established the throughput and accuracy of the Coupled-Dipole Simulation Method and have compared results to the
rigorous FDTD approach using a test pattern. We will discuss in detail possible approximations needed in order to
accelerate the method's performance.
Including etch-based empirical data during OPC model calibration is a desired yet controversial decision for OPC
modeling, especially for process with a large litho to etch biasing. While many OPC software tools are capable of
providing this functionality nowadays; yet few were implemented in manufacturing due to various risks considerations
such as compromises in resist and optical effects prediction, etch model accuracy or even runtime concern. Conventional
method of applying rule-based alongside resist model is popular but requires a lot of lengthy code generation to provide
a leaner OPC input. This work discusses risk factors and their considerations, together with introduction of techniques
used within Mentor Calibre VT5 etch-based modeling at sub 90nm technology node. Various strategies are discussed
with the aim of better handling of large etch bias offset without adding complexity into final OPC package. Finally,
results were presented to assess the advantages and limitations of the final method chosen.
In the recent year tools for DFM (Design for Manufacturing) addressing the lithographic pattern transfer like LfD have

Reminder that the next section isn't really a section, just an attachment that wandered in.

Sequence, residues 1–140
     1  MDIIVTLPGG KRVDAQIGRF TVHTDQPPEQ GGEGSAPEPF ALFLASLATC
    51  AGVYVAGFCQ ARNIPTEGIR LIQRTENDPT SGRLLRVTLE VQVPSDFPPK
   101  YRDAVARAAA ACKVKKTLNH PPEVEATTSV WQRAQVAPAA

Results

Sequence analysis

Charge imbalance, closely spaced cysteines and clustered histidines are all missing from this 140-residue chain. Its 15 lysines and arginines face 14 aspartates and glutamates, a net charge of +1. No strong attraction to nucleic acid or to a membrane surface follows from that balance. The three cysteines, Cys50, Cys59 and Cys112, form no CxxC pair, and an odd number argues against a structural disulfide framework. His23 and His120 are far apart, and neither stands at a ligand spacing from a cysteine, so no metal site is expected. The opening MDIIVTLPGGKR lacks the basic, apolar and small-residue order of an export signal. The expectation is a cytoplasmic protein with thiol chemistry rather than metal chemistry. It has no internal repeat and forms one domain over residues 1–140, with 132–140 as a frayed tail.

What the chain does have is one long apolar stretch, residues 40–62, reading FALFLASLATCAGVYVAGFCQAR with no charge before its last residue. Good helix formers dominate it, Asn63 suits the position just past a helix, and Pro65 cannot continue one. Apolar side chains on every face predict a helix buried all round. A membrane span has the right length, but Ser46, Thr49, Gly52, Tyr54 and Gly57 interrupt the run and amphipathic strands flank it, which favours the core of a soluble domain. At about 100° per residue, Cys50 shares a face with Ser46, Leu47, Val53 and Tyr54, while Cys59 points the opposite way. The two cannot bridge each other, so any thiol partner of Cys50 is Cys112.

evolved besides OPC (Optical Proximity Correction) to reduce the time required from design to manufacturing along the
design to mask data preparation flow. The insertion of ORC (Optical Rule Check) after OPC in a separate mask data
preparation step has been commonly adopted in order to successfully meet the ever increasing need of an advanced
technology node like 130nm, 90nm, 65nm and below. Separate simulation runs are normally done for both OPC and
ORC and it is not unusual that different platforms (software, hardware or algorithm) are used for OPC and ORC,
especially for better ORC processing throughput. An investigation has been made to look into the possibility of a DFMlite
approach by inserting ORC into the OPC run on the same Calibre platform. This is accomplished by adding
additional intelligence necessary to provide a 'polishing' step for a hotspot identified, without increasing the combined
cycle time but having the benefit of both full OPC and partial ORC in a single simulation run.
Optical & process model are used in conjunction with Mentors Calibre OPC tool to predict the behavior of a lithography process. Resist models rely exclusively on empirical measurement data, while optical models are calibrated based on the users knowledge of tool settings, but also fitting unknown parameters to empirical measurements. The final OPC model is a combination of optical & process behaviors prediction which includes resist & other process influence to meet the ever increasing demand of advanced lithography technology nodes like 90nm & below on model accuracy. Reliance of optical model creation on empirical measurement data is undoubtedly raising suspicion of how well the derived diffraction model is able to provide an accurate description of how light energy is distributed inside the resist. Various work & effort had been conducted in the past to cover defocus phenomenal on final model outcome & methodology introduced on better prediction from defocus to achieve better simulation quality, investigation has been carried out to study in further detail of existing strategy of resist & optical decoupling methodology in this work.